• Indianhead Point stands tall along the Pictured Rocks. Photo copyright Craig Blacklock

    Pictured Rocks

    National Lakeshore Michigan

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  • Grand Sable Dunes temporary closure to all public entry for visitor safety

    Grand Sable Dunes are rapidly eroding into Sable Creek and Lake Superior. The area from the Ghost Forest Trail north to Lake Superior then along the shoreline to the west side of Sable Creek is temporarily closed. Follow closure signs for your safety. More »

Natural Features & Ecosystems

The Lake Superior shoreline near the mouth of the Mosquito River with beautiful blue skies and clear emerald water.

Lake Superior shoreline at Mosquito Beach

NPS photo

Pictured Rocks National Lakeshore is located along the south shore of Lake Superior, between the communities of Munising and Grand Marais, in the north woods of Michigan's Upper Peninsula.

Pictured Rocks was authorized by Congress as the first national lakeshore on October 15, 1966, "to preserve for the benefit, inspiration, education, recreational use, and enjoyment of the public a significant portion of the diminishing shoreline of the United States and its related geographic and scientific features" (P.L. 89-668). The "diminishing shoreline" refers to public access to Great Lakes shores lost to private ownership. Formal establishment of the national lakeshore came on October 6, 1972.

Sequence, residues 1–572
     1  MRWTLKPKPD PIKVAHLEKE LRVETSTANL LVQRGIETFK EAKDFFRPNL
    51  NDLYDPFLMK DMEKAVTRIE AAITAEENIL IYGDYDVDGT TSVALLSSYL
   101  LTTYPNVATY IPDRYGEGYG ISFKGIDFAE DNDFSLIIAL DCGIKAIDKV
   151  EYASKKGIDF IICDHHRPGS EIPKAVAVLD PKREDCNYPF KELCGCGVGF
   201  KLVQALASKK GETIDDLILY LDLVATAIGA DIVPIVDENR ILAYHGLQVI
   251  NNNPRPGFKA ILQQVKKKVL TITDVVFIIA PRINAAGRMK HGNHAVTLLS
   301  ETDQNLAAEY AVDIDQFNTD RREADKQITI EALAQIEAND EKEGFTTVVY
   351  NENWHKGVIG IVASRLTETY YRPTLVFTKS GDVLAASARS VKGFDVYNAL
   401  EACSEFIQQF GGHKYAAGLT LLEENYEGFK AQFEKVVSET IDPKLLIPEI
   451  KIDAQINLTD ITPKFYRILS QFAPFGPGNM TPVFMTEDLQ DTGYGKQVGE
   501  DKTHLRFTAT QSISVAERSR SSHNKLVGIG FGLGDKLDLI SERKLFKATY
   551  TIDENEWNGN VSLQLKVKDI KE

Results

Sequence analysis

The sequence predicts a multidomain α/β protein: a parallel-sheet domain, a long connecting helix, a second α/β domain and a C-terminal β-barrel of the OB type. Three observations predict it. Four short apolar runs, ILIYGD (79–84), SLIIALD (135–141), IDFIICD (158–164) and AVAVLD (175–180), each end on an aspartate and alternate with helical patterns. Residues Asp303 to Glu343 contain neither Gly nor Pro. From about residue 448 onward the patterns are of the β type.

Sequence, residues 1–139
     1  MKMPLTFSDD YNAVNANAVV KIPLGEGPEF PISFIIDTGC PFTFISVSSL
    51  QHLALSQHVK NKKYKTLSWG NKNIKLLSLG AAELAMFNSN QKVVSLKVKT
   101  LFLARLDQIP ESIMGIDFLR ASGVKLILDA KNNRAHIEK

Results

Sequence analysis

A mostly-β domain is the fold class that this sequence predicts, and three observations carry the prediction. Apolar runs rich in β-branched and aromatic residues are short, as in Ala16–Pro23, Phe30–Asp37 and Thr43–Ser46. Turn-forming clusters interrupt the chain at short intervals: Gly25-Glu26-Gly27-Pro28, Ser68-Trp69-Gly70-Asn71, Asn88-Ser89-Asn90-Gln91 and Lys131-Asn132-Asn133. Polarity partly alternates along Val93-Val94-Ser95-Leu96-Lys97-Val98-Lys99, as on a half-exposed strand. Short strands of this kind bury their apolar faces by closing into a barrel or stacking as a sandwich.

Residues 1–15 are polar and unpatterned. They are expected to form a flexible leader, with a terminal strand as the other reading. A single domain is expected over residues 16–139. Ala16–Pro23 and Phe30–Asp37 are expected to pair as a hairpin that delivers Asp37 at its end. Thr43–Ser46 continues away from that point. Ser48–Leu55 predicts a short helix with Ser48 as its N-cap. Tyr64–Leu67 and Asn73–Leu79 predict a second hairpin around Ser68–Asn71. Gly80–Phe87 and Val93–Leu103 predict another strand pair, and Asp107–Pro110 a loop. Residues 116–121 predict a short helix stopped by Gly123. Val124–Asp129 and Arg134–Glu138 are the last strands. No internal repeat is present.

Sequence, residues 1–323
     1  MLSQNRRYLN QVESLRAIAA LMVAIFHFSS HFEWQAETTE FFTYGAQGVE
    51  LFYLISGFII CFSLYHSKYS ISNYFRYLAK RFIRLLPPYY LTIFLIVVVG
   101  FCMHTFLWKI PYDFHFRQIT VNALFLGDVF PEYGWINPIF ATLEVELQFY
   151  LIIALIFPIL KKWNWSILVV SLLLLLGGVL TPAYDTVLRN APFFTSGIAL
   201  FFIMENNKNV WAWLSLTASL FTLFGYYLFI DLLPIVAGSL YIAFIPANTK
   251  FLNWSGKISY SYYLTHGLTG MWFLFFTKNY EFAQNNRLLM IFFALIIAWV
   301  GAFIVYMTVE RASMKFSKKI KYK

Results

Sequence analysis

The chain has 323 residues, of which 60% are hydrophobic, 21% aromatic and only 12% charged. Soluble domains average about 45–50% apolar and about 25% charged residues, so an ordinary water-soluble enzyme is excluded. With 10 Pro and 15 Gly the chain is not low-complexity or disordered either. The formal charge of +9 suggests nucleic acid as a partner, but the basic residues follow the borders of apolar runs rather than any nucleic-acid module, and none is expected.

The 71,397 acres of the park are divided approximately equally by the enabling legislation into two distinct ownership and management zones. The federally-owned Shoreline Zone was established for the traditional national park reasons of preserving natural and cultural resources and providing for recreation.

The non-federal Inland Buffer Zone (IBZ) was created "to stabilize and protect the existing character and uses of the land, waters, and other properties within such zone." Congress intended that the buffer zone serve to preserve the setting of the Lake Superior shoreline and inland lakes, and protect the watersheds and streams. Sustained yield timber harvesting and other resource management activities compatible with preservation and recreational use were permitted in the IBZ.

Consumptive resource use, however, was intended to be subordinate to public recreation and the protection of "the usefulness and attractiveness of the lakeshore." The IBZ is comprised of national and state forest land, extensive private commercial forest, and small private parcels.

The park boundary extends one-quarter mile out over the surface of Lake Superior along the length of the park. National Park Service authority is limited to the surface waters within this one-quarter mile.

Did You Know?

Bear claw scars on the smooth bark of an American beech tree.

Bear claw marks can be seen on the trunks of American beech trees because the bark is so smooth. Bears climb trees for safety and to eat beech nuts. The non-native beech bark disease is sweeping through Pictured Rocks National Lakeshore, killing many beech trees. Trees scarred with bear claw marks will be harder to find. More...